A third Kelley son, Edgar Rew, was drafted into the Army in 1943.  He was sent to Camp McCain in Mississippi where he died five weeks later from an outbreak of spinal meningitis.  He never made it out of basic training.  He was 27 years old; he left behind a wife of five years.

The remaining Kelley brother was Jack.  Jack Richard Kelley was serving in the medical corps in Washington at Fort Lewis.  His father, Bose Kelley, Sr., wrote to U.S. Representative Overton Brooks and pleaded with him to prevent his oldest son from going overseas.   It is reminiscent of the scene in Saving Private Ryan where General Marshall reads the Bixby letter to his officers.  In this case, in a letter dated December 8, 1944, Mr. Kelley received word that his son Jack would remain stateside for the duration of the war.  Jack Kelley died in 1998.

Sunday, May 18, 2014
The bodies of Bose Kelley, Jr. and his brother William (Bob) were buried in separate military funerals in France but were returned to the United States in September 1948.  Bose and his brother now rest side by side in the veterans section of Greenwood Cemetery in Shreveport.  Their brother, Edgar Rew Kelley, is in a civilian cemetery across town, the Jewella Cemetery on Greenwood Road.  Their father, who pleaded for his fourth son to be spared, died just one month after Bose and William’s bodies were buried in Greenwood Cemetery.  It’s as if he was just waiting for them to come home.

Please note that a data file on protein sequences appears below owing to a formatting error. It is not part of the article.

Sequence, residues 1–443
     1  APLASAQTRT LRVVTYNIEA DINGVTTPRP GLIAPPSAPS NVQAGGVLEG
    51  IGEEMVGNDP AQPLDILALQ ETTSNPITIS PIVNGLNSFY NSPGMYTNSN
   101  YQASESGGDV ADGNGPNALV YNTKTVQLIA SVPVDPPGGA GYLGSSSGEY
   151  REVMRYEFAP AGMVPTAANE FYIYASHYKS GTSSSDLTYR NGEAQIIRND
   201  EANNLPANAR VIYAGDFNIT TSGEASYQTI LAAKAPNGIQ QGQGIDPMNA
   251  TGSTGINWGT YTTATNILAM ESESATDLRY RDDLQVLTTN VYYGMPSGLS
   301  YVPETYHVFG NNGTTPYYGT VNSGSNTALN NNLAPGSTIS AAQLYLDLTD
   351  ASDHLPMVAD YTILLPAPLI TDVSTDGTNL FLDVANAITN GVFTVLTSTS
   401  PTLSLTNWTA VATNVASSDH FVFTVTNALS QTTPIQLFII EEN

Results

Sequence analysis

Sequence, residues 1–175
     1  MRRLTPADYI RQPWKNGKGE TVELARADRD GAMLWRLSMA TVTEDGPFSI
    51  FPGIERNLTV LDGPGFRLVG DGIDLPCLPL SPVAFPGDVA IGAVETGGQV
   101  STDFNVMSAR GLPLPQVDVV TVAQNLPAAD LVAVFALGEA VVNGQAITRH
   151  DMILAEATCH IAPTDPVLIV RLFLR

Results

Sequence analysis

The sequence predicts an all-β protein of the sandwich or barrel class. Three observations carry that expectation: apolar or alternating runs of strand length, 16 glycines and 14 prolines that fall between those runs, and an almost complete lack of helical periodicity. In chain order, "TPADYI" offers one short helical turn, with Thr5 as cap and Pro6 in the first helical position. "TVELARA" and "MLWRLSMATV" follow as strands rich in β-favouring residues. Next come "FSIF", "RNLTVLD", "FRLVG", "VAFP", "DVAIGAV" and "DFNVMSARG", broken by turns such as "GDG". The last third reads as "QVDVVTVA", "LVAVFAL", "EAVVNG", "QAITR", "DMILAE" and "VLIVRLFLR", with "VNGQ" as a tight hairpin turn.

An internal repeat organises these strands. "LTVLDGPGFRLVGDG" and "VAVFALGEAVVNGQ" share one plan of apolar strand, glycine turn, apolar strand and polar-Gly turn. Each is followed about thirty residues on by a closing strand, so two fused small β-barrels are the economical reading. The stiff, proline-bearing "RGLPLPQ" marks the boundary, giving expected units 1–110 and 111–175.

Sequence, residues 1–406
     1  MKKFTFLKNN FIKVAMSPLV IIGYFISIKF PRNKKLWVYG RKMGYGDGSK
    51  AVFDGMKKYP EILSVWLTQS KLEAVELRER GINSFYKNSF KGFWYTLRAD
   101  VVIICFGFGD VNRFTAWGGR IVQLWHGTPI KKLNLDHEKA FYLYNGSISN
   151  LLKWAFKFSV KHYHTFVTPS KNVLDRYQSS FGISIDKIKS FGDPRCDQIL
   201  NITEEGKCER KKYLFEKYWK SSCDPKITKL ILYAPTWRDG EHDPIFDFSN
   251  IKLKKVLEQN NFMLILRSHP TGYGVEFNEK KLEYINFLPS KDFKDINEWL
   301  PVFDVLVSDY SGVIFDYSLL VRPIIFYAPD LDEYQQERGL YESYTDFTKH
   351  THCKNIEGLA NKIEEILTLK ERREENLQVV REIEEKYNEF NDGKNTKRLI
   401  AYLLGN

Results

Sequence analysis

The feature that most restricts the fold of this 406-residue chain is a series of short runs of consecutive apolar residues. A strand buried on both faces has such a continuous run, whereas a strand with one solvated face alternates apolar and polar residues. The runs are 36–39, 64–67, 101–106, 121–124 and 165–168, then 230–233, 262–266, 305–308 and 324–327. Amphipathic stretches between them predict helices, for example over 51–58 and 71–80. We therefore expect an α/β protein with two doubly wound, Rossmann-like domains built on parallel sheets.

For sixty-five years their sister, Ruby, tended the graves of her brothers.  There has never been a time that I visited the graves that there was not a crisp American flag flying over each and flowers.  Ruby died last year and the graves are now tended by Ruby's daughter.  I visited the graves of Bose and William last week and sure enough, there were two new flags and flowers steadfastly in place.

As we observe this 70th anniversary of D-Day, we remember the sacrifices of young men like the Kelleys all across the country. Their name belongs alongside the Sullivan brothers, the Borgstrum brothers, the Niland brothers, and the Wright brothers.  It is their heroism and their sacrifice, along with that of so many others, that we remember and honor.

For further reading:

Friday, June 5, 2015

Red River Flooding Photos: Part 5

Here are a few photos I took today.

As I said earlier, at this point drone pictures and other aerial photography is best as many streets are now flooded or blocked.

It is still possible to get to the Stoner Boat Launch though, which was my first stop today.  To give a sense of perspective, this image from Google shows what the area normally looks like:

Stoner Boat Launch, Google Maps

You can see the Clyde Fant Parkway north and south bound over to the left.  The parking lot at the top left is the VA overflow parking lot and parking for the Skate Plaza which you see next to the parking lot.  Right now, if you drew a vertical line from the skate park straight down, everything to the right of that line is now water.